For those who do not know me, I am a passionate traveller at heart. I remember camping and travelling in Canada with my family as a kid and getting a taste for adventure, nature, and moving around between places. My continuous travels have given me experiences that I will never forget: working, studying, living abroad, backpacking and hitchhiking in Europe, backpacking through South America (alone!), hiking some of the world’s highest peaks, diving deep into the ocean’s vastness, and more.
When I look back, I feel so grateful for everything I have seen, experienced, and learned. Being on the go, living with only what you need (that usually fits in a backpack), or even moving to another country and learning new languages have taught me so many things not only about myself but also about detachment from a specific geo-location and how to maintain relationships through space and time.
When I moved to Peru about 3 years ago, there were very few occasions we spent more than 3 weekends in a row in Lima. Our travels have been continuous: marathons here, trekking volcanoes there, and a business trip here, going home to Canada there. It has been amazing. The travel bug bit me H-A-R-D. And it lasted for years and years and years.
Recently, for the first time in a long time, I have actually stayed put. Since I came back to Peru from Canada, on January 5th, 2018 to be exact, I did not travel. I did not take a single plane or bus; I did not sleep in a bed other than my own, nor did I pack or unpack any bags. At first, a part of me wanted to continue moving around, and then, slowly but surely, the travel itch faded. I became quite busy with my own projects: teaching yoga, organizing workshops, working as a translator and editor. I had not yet spent so much time in Lima, and I actually started to enjoy it.
3 lessons I learned about staying put:
Traveling, especially on an airplane has the opposite effect of grounding. It literally removes you from the Earth (like you are uprooted) and brings you up into the air, which can create imbalances in your body and mind. Staying put has removed travelling’s airy effects, and has allowed me to feel comfortable in establishing a daily routine, which was something a little new to me. This allowed me to commit to and take care of myself. I started accepting and appreciating to be here, rather than wishing or looking forward to being elsewhere. I felt stable, comfortable, and happy exactly where I was.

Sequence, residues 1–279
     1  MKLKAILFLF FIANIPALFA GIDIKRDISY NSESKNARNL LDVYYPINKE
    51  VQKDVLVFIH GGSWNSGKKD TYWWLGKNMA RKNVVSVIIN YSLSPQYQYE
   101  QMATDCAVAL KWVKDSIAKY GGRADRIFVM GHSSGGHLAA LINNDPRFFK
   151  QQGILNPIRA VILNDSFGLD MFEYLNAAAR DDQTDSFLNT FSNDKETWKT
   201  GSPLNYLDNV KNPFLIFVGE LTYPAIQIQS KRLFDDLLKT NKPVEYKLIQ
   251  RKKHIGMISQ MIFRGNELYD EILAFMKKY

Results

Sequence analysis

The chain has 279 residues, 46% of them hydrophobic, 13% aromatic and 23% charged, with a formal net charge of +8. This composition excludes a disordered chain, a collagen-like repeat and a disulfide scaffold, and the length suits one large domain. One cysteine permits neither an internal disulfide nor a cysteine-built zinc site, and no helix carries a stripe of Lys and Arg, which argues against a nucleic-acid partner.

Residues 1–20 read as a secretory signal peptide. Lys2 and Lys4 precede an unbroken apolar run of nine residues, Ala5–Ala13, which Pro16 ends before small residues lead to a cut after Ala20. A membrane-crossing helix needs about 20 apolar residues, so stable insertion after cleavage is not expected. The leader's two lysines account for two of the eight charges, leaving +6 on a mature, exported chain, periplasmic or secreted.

One of the biggest challenges I had coming to Peru was exactly this: I had no friends. Staying put also allowed me to commit more to others. I was able to take and give yoga classes without cancelling or finding replacements and I became dedicated to these hours. I was able to see friends on a weekly/regular basis, and maintaining my relationships back home was easier. I even became a “regular” at certain coffee shops and I randomly bumped into people I knew in the streets, things that have never happened since I moved here.
Appreciating both Here and There:
Traveling’s opposite, staying put, was something I needed to learn to appreciate, especially since I moved to a new country. A few years ago, I was always planning when I could go back to Montreal and I caught myself sometimes counting the days before my next journey started. It was hard for me to appreciate being here and I always wanted to be out there. The past few months opened a new door of appreciation to what I can now start calling home, and all that comes with it (the positives and the negatives). Some days are easier than others, but it is part of the journey of staying put.
After looking back at the last few months and learning these important lessons, it is time for me to hit the road again. I look forward to, appreciate, and feel grateful for the new adventures that are coming my way this year. But now, coming back home will have a completely different feeling.
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